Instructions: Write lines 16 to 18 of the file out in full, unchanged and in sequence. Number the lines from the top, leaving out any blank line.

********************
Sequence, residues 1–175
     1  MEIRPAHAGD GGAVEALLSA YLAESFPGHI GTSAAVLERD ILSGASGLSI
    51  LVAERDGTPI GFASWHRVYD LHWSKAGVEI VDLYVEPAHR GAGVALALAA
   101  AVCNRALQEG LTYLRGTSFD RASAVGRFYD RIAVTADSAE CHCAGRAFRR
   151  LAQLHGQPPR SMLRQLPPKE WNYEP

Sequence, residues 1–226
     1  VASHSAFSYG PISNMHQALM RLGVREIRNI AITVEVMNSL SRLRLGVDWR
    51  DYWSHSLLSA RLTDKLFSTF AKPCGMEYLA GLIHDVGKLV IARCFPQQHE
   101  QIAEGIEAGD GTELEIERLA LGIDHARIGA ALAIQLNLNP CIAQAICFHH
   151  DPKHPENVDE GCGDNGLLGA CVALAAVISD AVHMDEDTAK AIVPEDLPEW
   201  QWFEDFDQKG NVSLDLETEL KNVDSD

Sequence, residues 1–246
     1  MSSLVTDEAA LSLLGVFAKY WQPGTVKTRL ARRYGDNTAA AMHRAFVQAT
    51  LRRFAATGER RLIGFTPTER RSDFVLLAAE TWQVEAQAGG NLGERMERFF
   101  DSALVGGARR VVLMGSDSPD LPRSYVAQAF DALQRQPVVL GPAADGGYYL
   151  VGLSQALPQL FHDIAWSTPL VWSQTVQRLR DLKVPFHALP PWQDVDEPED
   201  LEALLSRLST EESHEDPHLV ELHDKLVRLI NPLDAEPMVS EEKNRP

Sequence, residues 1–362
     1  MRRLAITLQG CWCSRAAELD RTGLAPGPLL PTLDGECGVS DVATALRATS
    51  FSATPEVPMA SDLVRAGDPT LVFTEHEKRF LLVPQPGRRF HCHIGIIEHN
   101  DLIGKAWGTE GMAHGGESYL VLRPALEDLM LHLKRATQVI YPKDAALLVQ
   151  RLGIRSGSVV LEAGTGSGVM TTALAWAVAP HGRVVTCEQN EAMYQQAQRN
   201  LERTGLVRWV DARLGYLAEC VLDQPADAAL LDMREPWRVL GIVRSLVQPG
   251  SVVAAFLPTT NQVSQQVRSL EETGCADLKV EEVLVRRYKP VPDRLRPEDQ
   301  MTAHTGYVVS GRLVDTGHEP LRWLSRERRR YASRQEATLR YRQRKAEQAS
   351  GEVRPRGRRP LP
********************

   151  VGLSQALPQL FHDIAWSTPL VWSQTVQRLR DLKVPFHALP PWQDVDEPED
   201  LEALLSRLST EESHEDPHLV ELHDKLVRLI NPLDAEPMVS EEKNRP

Sequence, residues 1–362